So, there we were — blissfully free of the adoption paperwork. Our home study was finished on a Thursday and my parents were coming into town on Friday to take us out to fancy schmancy restaurant over the weekend to celebrate. We felt relaxed and excited. We knew we had months, if not years, to read the parenting books, paint the nursery, and figure out what kind of baby gear we actually needed. So far, I hadn’t allowed myself to look at any baby stuff. It was just too painful. Sure, I had bought gifts off baby registries before. But I never thought about stuff for us and our baby. After our home study was done, I felt like maybe it was OK to kind of start looking. But I was afraid to go alone. My infinitely kind and patient parents agreed to go with me*. Armed with Baby Bargains, my Dad allowed me to lurk behind him while he asked questions. My mom ooh-ed and ahh-ed over crib sets, strollers, and pack-n-plays; she showed me it was OK to look. I felt overwhelmed by all the . . . stuff? crap? choices?And I was not impressed by my inability to remove a car seat from the stroller base. But I had time . . .
After about an hour at the baby store we headed out for lunch. We continued to talk about baby stuff. I felt like finally I had permission to say things like, “If we get a girl I’m going to get the sheets with the pink hippos on them” or “Maybe we should paint the room green — it would work for a boy or a girl.” I was feeling very pre pre-motherly. Like maybe one day I would actually be a mom. On the way home from lunch my parents wanted to stop at the store to pick up some diet sodas. As we pulled into Kroger my phone rang.
It was the adoption social worker, Brenda. And she had a “situation” she wanted to present to me. There was a Latino birth mother in Rhode Island. The bio dad was African-American and hadn’t been heard from since he was told about the baby 6 months ago. The birth mother had been getting prenatal care. She had no history of drug or alcohol use. Brenda talked and talked, telling me everything she could about the mom, the dad, the baby. I scribbled notes on the back of an envelop I found in the glove box. I had heard that when an adoptive parent is presented with ‘their’ baby they know it. And as hokey as it sounds, about half way through Brenda’s presentation, I felt a sudden jolt. For a second I couldn’t hear anything, see anything, or feel anything other than: This. Is. Our. Baby. I was so very certain that it brought tears to my eyes.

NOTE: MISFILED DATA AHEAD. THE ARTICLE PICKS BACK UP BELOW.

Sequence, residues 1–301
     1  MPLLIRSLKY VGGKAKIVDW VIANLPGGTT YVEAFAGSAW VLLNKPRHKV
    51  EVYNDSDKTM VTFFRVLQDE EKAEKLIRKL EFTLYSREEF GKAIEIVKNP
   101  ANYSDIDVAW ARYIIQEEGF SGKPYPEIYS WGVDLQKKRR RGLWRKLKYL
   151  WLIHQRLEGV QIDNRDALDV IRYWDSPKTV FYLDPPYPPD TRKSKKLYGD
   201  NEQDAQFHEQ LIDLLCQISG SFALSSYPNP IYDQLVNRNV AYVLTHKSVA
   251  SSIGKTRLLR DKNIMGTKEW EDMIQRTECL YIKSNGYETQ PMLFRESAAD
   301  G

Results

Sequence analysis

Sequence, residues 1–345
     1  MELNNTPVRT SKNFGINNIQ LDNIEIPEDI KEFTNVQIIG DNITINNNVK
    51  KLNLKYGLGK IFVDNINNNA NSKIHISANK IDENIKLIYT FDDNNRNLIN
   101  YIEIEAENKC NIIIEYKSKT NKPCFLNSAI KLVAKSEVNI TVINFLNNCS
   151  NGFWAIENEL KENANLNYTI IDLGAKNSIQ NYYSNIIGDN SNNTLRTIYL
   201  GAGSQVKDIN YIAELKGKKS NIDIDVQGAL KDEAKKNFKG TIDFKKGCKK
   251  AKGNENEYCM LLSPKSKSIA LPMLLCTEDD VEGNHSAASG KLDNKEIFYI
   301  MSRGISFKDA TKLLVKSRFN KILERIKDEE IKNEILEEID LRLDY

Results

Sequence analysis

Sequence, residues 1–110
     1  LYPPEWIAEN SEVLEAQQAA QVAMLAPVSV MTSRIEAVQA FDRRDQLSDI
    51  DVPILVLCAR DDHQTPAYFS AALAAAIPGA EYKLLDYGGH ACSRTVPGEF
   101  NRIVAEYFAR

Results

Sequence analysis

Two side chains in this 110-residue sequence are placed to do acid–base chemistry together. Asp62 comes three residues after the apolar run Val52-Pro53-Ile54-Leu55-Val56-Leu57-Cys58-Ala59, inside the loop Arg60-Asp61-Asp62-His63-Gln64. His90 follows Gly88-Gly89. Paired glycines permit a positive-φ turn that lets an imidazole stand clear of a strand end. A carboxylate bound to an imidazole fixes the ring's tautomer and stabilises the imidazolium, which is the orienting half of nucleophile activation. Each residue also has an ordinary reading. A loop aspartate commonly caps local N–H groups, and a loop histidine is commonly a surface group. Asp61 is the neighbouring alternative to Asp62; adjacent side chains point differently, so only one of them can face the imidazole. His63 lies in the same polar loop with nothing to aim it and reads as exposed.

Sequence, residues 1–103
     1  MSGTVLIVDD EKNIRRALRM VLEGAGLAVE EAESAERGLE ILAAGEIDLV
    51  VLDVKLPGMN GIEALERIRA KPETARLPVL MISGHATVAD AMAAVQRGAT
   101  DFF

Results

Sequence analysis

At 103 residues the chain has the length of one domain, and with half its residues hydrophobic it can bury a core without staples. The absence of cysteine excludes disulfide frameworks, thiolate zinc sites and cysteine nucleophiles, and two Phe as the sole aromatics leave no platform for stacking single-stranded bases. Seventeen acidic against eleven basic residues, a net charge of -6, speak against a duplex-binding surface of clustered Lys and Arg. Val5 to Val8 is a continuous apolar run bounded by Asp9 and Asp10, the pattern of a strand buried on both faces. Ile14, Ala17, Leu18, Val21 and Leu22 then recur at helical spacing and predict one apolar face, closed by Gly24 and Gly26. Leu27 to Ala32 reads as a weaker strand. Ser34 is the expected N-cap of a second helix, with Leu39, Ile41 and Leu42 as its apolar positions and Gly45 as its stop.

Brenda finished talking. I took a deep breath and asked two questions: When is the baby due? What is the sex of the baby? Brenda said, “It’s a girl. A little girl. And she is due in two weeks, on Mother’s Day!” I almost dropped the phone. Two weeks?!?! Not a lot of time . . .
I went to find my parents in Kroger. I imagine I looked excited and scared and frantic all at once. “We may have a baby.” My mom smiled. My dad nodded. And I started to remember everything. All the details, what we did, what we said, what we ate — all so we could tell it to our little girl.
*Demetri had to work
Demetri and me with my BFF’s baby a few months before Zoey. Do we look awkward or what?!?! Could I clutch the baby any tighter . . .?